“It’s a nice reflection on them that they want to support their brother," said Lisa Tinkle, their mother. "They’ll protect him to the end and it’s important for them that they put their lives on hold so that they could support him and come to the games and watch his career unfold.”
“I’m always in their ear talking mess to them, but at the end of the day I think it’s so cool to have your siblings be there and support you and be your No. 1 fans," Tres added. "They know my dad’s concepts and philosophies better than probably half our team. Someone might be out of position and they’ll say the term for them and remind them. They know what they’re doing, they know what they’re talking about and they just love the game and they want to see both of us win and succeed, and I don’t think you see that very often.”
And the Tinkle sisters have been noticed, with occasional videos going viral of the two celebrating a big basket from OSU. Tres said his favorite part is them calling refs by their first names and the handshakes they have to hype each other up.
"We were talking about this and making fun of them when a player might look at them after they hit a 3 (Joslyn and Elle) go, 'Why are they talking mess to us?' and I was like, 'Because you are the loudest ones in the gym,'" Tres said. "They act like they're so innocent, and they're the loudest ones in here so they're going to get attention.
"I was like, 'You know, if I was on other team, too, and I heard you guys for 40 minutes and I hit a big shot you best believe I'm going to look at you, too.'"
"Honestly it’s kind of crazy that it really has become kind of this big thing," Joslyn added. "I swear every game we kind of go into each game, 'OK, Elle, let’s just be calm this game,' and we can’t. I think it just goes into the fact that we’re on the other side of it and we get so nervous because we’re double invested. Again, we’re very protective of our baby brother, our family, our dad. We just want to see them both and their team succeed.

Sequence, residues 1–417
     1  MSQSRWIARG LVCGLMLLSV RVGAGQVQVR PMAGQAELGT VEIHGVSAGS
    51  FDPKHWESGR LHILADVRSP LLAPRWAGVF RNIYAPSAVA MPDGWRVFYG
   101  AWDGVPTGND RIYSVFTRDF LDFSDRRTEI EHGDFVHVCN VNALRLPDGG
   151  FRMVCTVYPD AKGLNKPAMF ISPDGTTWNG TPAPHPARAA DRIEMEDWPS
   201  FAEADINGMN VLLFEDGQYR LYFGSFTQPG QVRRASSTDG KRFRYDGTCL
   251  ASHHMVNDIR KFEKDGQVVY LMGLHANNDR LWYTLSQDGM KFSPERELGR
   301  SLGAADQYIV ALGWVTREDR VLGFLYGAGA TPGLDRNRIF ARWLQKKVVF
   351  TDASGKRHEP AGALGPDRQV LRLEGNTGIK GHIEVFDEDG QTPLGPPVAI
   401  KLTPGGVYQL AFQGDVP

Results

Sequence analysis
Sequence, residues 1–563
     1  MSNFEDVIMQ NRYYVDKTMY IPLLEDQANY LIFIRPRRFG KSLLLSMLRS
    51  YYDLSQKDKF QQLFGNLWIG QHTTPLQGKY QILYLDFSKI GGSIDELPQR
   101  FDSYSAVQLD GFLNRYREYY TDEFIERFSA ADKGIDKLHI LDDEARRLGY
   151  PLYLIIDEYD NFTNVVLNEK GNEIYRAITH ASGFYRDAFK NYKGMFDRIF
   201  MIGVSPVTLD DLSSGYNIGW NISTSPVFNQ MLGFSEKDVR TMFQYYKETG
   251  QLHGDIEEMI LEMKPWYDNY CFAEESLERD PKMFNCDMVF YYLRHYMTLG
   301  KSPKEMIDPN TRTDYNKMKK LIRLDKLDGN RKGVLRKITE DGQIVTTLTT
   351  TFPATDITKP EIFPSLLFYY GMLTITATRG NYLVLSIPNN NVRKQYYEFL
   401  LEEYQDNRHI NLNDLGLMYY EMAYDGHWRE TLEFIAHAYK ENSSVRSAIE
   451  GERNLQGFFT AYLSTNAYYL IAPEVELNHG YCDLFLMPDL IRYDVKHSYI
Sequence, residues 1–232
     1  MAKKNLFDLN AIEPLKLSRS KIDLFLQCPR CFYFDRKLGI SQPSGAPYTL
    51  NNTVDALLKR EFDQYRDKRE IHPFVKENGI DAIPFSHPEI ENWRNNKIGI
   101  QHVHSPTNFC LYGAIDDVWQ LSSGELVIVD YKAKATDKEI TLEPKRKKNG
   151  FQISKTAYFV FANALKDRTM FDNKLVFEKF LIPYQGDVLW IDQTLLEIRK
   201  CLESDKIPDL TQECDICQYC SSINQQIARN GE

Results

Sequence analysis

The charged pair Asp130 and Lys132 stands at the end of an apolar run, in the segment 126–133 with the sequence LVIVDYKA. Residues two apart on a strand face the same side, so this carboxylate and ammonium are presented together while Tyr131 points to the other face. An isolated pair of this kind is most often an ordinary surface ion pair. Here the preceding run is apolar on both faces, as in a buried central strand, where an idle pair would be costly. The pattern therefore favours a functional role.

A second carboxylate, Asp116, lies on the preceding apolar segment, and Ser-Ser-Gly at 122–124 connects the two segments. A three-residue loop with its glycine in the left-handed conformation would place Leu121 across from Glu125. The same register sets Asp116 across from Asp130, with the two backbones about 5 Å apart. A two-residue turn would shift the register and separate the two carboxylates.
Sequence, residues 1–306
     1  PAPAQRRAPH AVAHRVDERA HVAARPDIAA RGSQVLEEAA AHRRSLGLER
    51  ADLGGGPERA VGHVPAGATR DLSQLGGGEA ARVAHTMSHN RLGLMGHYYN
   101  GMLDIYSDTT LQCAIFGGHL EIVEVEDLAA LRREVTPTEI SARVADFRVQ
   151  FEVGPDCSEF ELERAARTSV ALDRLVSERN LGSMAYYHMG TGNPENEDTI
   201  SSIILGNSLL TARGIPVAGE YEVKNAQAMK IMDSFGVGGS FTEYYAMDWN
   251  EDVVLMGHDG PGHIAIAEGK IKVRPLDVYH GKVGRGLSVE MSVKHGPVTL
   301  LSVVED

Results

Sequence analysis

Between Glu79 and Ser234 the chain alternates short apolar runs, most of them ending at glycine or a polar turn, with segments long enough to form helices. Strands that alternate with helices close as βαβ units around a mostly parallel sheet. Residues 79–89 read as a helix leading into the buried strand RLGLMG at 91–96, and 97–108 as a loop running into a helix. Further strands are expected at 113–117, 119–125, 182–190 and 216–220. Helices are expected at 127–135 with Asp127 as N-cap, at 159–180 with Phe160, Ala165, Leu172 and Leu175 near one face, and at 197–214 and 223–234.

"I think coming from a basketball family we know everything that goes into it and it is so hard for us to be calm, especially for me. I’m very vocal. I’ve joked and said, 'Dad, you need to put us on the payroll, because we’re coaching from the other end,' and he’s got that side covered, so it’s fun."
Elle added, "Nothing’s planned, that’s why it looks so chaotic."
While Wayne will give them the occasional joking threat that he's going to move their seats into the nosebleeds, he's appreciative of the support his two daughters have brought him and Tres.
"We're a close-knit family and they wanted to be here to support Oregon State, their father's team, and then their brother, as well," Wayne said. "They create quite a spectacle, but it's fun having them there.
"Win, lose, draw, to be able to go home afterwards, it's great to have them right there at our sides through this all and that's what we hope to do for them when they start to move on."
The two admit there were nerves when the idea of life without playing basketball on the court began to come forward. But they've made the transition smoothly as they've navigated the next steps in their lives, though they do miss their playing days at times.
But thanks to their challenging schedules as student-athletes and their ability to overcome obstacles, the two felt well prepared once they moved on from the game they both dedicated so much time to.
“I think, especially for me, because I decided not to pursue basketball after college and we had kind of dabbled with the idea of maybe taking a year of playing together overseas, so I think my biggest regret was, I’m going to get three or four months into this and then suddenly, 'What was I thinking? I really miss it,'' Elle said. "I think that always kind of hits you after you hang the shoes up, but so far I haven’t regretted it and it’s allowed me to watch Tres all five years."
"You miss literally the blood, sweat and tears of it every day," Joslyn added. "Not that I feel like I ever took it for granted going through that process but once you’re out of it, and I was fortunate to play at some really high level after college, college specifically, nothing is better than that time. Those years when you’re there with your teammates and sisters and brothers for life, you really miss it.”